Doctors have a new weapon in the fight against cancer: detailed maps of the cells in a tumor that can be explored and analyzed in a virtual reality simulation that its creators say provides researchers with an intuitive new way to examine complex medical data that could lead to unexpected breakthroughs.
Built by doctors at the Cancer Research UK Cambridge Institute (CRUK), the new virtual lab takes detailed scans of breast cancer tissues and turns them into detailed simulations that doctors around the world can explore, the BBC reports.
The simulation lets doctors analyze every single cell of a tumor, something they’ve never been able to do before. And because that data is stored in a simulation rather than microscope slides, doctors around the world can explore and study cancer without having to prepare their own samples.
“Understanding how cancer cells interact with each other and with healthy tissue is critical if we are going to develop new therapies,” CRUK Chief Scientist Karen Vousden told the BBC. “Looking at tumors using this new system is so much more dynamic than the static 2D versions we are used to.”
The Cambridge scientists and peers from around the world who helped develop the virtual lab won two separate 20 million pound grants ($25.3 million each) to build up their project from Cancer Research UK last year.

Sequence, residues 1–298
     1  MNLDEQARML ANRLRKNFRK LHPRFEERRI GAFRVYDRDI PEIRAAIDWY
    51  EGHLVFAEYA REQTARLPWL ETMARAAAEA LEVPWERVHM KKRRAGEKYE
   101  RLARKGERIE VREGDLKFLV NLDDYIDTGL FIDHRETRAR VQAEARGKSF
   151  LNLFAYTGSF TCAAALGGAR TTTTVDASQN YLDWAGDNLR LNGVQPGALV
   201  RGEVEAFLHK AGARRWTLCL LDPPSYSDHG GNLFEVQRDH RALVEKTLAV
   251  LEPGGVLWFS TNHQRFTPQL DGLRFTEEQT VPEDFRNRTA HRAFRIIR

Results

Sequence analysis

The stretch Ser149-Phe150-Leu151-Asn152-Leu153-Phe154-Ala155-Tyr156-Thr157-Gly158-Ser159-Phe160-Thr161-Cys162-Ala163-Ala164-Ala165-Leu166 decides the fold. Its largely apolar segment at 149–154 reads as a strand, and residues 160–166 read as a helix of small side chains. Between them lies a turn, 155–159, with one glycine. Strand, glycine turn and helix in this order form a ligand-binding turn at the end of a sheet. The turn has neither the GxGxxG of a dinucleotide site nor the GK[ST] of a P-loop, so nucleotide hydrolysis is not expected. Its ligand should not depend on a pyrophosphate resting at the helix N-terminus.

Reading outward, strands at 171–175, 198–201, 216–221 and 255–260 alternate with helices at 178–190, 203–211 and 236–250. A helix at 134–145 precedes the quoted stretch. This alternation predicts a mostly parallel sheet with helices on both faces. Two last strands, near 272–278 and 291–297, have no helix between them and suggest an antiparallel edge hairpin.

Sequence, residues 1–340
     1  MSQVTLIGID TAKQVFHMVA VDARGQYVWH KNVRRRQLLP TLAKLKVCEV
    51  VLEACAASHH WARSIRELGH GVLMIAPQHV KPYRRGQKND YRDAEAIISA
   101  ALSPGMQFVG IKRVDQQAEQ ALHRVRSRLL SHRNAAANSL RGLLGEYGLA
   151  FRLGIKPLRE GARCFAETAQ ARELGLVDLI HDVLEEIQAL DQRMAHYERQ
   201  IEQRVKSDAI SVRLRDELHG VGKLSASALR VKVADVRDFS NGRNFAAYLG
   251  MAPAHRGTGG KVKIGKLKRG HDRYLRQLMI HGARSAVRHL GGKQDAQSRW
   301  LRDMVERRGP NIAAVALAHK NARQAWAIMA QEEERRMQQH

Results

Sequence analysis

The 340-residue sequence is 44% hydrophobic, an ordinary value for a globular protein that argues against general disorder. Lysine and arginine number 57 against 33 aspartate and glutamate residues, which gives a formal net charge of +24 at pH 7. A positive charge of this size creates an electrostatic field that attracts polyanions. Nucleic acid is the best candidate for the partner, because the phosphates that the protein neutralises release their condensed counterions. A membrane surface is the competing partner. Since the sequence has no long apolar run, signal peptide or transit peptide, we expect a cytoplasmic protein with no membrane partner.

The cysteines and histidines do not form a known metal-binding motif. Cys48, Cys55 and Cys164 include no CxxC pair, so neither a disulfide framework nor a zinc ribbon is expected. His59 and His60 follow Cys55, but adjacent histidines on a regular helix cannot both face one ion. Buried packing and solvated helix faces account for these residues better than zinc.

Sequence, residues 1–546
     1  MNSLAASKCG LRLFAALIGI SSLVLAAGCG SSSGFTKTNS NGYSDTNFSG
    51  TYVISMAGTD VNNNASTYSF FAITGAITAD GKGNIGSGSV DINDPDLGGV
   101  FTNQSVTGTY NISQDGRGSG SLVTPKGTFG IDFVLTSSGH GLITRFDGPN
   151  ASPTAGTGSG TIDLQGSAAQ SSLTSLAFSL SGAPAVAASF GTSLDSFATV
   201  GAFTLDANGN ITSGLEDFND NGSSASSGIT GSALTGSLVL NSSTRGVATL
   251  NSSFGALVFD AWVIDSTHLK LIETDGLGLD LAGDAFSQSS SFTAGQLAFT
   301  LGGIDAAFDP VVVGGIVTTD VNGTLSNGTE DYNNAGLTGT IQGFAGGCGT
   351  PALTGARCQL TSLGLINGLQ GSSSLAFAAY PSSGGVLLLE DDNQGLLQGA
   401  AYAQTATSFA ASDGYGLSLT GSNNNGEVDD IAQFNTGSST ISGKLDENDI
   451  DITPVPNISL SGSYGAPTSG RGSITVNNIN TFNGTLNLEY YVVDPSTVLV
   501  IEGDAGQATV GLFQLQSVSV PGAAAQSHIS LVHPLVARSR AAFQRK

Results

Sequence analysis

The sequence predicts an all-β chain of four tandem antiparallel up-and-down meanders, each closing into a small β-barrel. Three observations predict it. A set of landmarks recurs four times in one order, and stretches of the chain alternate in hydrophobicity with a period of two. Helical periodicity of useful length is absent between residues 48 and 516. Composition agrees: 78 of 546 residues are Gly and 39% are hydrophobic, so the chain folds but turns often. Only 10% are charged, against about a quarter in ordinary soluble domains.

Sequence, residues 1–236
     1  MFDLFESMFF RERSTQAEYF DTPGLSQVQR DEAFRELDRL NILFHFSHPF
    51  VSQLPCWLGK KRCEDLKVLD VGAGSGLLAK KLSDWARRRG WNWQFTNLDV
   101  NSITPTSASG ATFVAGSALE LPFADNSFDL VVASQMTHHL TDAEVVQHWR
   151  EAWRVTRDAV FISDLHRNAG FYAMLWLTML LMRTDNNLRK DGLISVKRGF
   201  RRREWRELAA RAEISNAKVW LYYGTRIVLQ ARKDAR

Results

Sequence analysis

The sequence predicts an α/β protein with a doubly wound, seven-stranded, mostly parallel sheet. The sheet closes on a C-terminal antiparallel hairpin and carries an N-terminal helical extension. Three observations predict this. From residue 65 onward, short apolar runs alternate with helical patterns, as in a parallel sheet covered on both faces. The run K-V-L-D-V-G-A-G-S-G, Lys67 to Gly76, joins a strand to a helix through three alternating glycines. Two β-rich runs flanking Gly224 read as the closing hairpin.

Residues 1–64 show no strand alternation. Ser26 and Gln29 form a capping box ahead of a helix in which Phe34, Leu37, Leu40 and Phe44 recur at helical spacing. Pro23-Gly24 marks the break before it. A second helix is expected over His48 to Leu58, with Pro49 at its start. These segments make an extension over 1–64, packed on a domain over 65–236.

Now they have a functional simulation built up from highly-detailed scans of a cubic millimeter-sized sample of breast cancer tissue. In that sample, each of the roughly 100,000 cells was marked to highlight its molecular and genetic characteristics.
With that information, the resulting VR map highlights which cells are cancerous which have certain genetic variations, and how developed the tumor was at the time of the biopsy. All of this is information that was laborious to obtain from samples that were easily contaminated.
Moving the analysis to VR makes tumor research much more user friendly and lets doctors analyze cells in greater detail than ever before.
Not only does that let scientists literally immerse themselves in their work as they look for new cancer treatments, but it can also open the door to more collaborative diagnosis and patient care among teams that are spread around the world.
These simulations don’t guarantee that doctors will find new ways to treat or prevent breast cancer, but at least it makes the search much easier.